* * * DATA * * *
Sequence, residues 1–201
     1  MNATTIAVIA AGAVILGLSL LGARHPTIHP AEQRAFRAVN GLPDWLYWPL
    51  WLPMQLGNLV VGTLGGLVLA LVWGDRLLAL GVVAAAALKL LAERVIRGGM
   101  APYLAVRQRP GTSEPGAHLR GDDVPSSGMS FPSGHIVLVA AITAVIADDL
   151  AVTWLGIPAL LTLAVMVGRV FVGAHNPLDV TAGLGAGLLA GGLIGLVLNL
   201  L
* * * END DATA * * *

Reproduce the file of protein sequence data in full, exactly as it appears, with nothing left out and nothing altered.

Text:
Sequence, residues 1–201
     1  MNATTIAVIA AGAVILGLSL LGARHPTIHP AEQRAFRAVN GLPDWLYWPL
    51  WLPMQLGNLV VGTLGGLVLA LVWGDRLLAL GVVAAAALKL LAERVIRGGM
   101  APYLAVRQRP GTSEPGAHLR GDDVPSSGMS FPSGHIVLVA AITAVIADDL
   151  AVTWLGIPAL LTLAVMVGRV FVGAHNPLDV TAGLGAGLLA GGLIGLVLNL
   201  L